He has not disappointed his peers in that respect. His arrogance and
contempt for any dissenting voices is vintage OAU.

Mugabe is a creation of the OAU, the archetypical African head of
state nurtured by the OAU: a man so wrapped up in his own image as a saviour
of his people, he might even see himself as their messiah.

He religiously attends those conferences, now of the African Union, at
which the African political glitterati prance like peacocks, showing off
their designer suits or togas, grunting contentedly as they tuck into
five-star hotel fare which none of their citizens would ever dream of eating
in a million years.

At the glittering conferences, they pour forth those platitudes on the
fight against poverty, hunger, disease and corruption, knowing that only the
imbeciles could believe they mean it.

They know they are lying through their teeth and know that the people
know that they are lying through their teeth.

What bolsters their confidence is the certainty that their people,
knowing they are lying, are too scared to tell them to their faces that they
are lying through their teeth.
This is the legacy of the OAU.
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Natal Mercury

Zimbabwe and Nepad's peer review...
June 4, 2003

I found the article on the Nepad peer review process, which is to take
place within the next three months, an interesting indicator of our politics
in Africa (The Mercury, June 3 2003).

It is very significant that Zimbabwe is not one of the countries
nominated for scrutiny under this exercise.

It is significant for two possible interpretations. The first is that
the African Union knows the Mugabe regime will fall this year and it would
be a waste of resources to target it.

The second is that Zimbabwe is still being sheltered by friends of
Mugabe in the top echelons of the AU or the organisation itself has no
quarrel with Mugabe's policies.

One would have thought Zimbabwe was the ideal country to be selected
for peer review this year, for the following reasons.

1. Zimbabwe is not at war.

2. Zimbabwe has followed a very controversial land reform programme
which has wide political, economic, racial and social consequences for the
rest of Africa.

3. Zimbabwe's economy is in a tailspin and about to collapse.

4. Zimbabwe is heading for a catastrophic breakdown in the fabric of
its social order.

After all, the peer review is to "promote the adoption of successful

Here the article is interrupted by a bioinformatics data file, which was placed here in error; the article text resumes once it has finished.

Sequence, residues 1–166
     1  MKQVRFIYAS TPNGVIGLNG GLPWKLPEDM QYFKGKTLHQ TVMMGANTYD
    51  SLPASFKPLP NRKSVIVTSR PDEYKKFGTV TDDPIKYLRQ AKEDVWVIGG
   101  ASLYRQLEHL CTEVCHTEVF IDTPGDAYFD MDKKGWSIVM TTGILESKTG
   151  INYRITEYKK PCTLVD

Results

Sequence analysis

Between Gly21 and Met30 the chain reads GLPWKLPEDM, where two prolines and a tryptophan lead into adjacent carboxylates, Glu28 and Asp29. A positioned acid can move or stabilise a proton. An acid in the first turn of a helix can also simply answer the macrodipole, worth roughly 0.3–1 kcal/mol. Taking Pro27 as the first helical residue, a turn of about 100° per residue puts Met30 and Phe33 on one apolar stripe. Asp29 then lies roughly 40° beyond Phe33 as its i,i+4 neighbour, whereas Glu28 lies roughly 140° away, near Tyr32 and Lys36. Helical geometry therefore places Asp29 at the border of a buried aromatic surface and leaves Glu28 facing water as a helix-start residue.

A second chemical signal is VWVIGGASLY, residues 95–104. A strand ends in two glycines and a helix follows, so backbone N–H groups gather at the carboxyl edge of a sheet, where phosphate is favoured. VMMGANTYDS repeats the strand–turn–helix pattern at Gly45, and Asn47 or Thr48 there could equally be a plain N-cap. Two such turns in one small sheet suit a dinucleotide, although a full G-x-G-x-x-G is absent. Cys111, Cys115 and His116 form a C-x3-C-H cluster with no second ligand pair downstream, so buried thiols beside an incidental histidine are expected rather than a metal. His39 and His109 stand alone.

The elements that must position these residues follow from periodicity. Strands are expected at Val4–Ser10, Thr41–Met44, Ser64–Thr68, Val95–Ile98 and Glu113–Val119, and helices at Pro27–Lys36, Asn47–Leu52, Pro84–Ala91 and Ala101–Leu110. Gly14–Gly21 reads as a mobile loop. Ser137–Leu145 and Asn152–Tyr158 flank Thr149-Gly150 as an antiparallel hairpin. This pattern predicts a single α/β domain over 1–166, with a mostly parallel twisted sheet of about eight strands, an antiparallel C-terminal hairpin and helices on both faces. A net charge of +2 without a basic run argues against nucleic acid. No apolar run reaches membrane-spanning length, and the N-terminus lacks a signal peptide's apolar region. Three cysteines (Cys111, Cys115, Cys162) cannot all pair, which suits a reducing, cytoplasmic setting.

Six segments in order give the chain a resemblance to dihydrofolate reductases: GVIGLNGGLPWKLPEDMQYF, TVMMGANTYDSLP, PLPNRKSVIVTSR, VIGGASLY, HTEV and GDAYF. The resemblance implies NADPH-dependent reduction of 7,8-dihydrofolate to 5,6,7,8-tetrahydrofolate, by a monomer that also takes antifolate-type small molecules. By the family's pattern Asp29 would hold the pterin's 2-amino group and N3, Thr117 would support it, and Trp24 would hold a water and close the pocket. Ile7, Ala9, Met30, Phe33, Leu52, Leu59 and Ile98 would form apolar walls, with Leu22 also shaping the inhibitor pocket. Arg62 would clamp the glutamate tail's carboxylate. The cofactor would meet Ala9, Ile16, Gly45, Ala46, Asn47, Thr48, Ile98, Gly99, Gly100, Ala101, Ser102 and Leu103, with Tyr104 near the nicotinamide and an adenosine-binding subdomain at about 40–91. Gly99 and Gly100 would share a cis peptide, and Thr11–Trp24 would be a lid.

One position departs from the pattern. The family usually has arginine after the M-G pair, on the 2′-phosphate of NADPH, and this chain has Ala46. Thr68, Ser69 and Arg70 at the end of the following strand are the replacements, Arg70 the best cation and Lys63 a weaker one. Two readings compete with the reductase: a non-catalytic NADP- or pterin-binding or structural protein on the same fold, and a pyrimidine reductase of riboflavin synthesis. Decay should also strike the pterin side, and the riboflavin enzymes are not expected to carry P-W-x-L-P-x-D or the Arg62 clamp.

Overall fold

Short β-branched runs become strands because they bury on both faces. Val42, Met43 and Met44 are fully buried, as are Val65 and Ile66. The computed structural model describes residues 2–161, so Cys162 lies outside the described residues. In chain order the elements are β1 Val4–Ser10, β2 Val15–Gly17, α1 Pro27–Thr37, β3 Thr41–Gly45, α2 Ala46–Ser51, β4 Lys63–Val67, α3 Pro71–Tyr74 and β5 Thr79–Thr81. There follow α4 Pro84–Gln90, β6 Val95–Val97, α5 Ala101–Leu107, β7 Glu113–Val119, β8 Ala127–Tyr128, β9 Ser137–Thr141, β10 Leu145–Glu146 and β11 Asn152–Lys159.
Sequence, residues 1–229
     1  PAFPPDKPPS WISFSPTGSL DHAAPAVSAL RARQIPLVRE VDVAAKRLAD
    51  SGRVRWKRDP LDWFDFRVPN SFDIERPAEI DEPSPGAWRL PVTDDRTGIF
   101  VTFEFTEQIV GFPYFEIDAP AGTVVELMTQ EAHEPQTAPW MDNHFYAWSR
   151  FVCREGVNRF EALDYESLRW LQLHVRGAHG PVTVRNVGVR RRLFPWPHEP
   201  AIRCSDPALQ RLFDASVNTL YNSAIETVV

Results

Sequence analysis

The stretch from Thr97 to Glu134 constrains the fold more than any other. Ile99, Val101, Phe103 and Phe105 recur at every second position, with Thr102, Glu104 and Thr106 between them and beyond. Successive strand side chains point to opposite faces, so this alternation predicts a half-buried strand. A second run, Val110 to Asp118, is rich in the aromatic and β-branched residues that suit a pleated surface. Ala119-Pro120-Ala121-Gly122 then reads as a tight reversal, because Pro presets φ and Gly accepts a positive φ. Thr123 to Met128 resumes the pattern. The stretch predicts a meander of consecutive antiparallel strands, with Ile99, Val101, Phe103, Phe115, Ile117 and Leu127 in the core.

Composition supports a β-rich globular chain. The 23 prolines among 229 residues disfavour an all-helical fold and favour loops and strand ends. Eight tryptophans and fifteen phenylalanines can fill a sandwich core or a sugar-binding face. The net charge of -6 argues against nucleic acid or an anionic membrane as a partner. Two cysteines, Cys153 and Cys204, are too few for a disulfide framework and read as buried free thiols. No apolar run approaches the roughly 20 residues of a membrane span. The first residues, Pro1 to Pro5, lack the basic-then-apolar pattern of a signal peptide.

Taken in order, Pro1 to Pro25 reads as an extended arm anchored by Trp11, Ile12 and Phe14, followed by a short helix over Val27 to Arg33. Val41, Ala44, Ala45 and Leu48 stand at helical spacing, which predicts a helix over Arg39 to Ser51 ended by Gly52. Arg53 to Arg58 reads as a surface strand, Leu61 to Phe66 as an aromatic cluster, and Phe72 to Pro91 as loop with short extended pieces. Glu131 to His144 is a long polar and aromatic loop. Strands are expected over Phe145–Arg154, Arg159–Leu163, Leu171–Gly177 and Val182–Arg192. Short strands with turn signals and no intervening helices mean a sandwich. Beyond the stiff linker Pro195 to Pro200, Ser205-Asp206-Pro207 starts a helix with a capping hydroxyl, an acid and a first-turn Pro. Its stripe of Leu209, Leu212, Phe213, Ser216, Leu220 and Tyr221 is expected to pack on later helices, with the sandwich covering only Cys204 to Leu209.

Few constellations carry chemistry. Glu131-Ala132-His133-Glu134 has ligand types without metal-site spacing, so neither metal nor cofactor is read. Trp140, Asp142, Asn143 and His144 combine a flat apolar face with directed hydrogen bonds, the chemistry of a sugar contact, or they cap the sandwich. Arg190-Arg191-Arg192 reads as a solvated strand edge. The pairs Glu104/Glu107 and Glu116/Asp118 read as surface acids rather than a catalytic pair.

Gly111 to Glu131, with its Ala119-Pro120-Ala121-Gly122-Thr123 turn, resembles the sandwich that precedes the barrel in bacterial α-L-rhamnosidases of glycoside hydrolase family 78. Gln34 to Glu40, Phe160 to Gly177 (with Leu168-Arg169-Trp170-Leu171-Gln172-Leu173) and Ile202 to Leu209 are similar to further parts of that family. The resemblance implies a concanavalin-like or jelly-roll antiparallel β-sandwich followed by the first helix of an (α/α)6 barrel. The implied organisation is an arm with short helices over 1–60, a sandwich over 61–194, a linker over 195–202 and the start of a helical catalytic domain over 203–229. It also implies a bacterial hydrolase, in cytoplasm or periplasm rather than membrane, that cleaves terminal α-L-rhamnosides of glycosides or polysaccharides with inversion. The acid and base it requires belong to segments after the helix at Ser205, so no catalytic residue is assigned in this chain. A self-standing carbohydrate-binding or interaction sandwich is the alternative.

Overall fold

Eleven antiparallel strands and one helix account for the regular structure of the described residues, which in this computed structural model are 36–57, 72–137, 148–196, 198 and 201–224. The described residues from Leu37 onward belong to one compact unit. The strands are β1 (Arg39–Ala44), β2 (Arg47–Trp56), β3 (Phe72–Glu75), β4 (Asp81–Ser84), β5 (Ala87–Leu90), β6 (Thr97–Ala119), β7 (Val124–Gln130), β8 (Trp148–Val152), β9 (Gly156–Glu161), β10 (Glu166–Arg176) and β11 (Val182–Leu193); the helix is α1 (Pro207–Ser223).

and best practices in development as well as good political, economic and
corporate governance".

The AU appears to have missed the boat to show the world that it has
admirable and believable bona fides.

This development has left me confused and discouraged about the AU as
a vehicle for change in Africa, so I hope that my first interpretation is

Wing Fong
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'An unwinnable and unfathomable war'

Reaction to the opposition's strikes and protests

Wednesday June 4, 2003
The Guardian

Daily News
Editorial, Zimbabwe, June 3
"Not surprisingly, the besieged government yesterday kept its promise to get
tough with mass protests called by the opposition Movement for Democratic
Change (MDC) by deploying thousands of army troops and police across the
nation in a huge show of force ... But the stunning shutdown of the entire
nation ... dramatically and graphically underlined who now calls the shots
in the power stakes in Zimbabwe.
"The overwhelming response of Zimbabweans to stay put at home after dire
threats from the government that it would crush the protests showed that,
while the administration had possibly won this phase of the battle, it had
significantly lost the war ... All signals point to one certainty: freedom
is coming tomorrow."

Editorial, Zimbabwe, June 3
"It is Julius Caesar who is famed for saying, 'If you must break the law do
it once to seize power. Otherwise you must obey it.' The MDC leader, Morgan
Tsvangirai, and his supporters followed Caesar's advice and broke the law
[on Monday] but failed to seize power ... Instead of waiting for the outcome
of his court application challenging the result of the presidential
election, the MDC leader has shown his utter contempt for the rule of law.
The correct body that should have had the final say on the matter is a court
of law, not the people on the streets in opposition-dominated

Editorial, Zimbabwe, June 1
"As Zimbabweans either march in their cities and towns or simply stay at
home, it will not necessarily be about the removing the de facto president
and the government from power but to say 'Enough is Enough' ...

"We know the police and soldiers will be looking for any excuse to use their
weapons. They have been drilled to believe this is their duty and that if
they shoot demonstrators, they will be protecting Zimbabwe's sovereignty and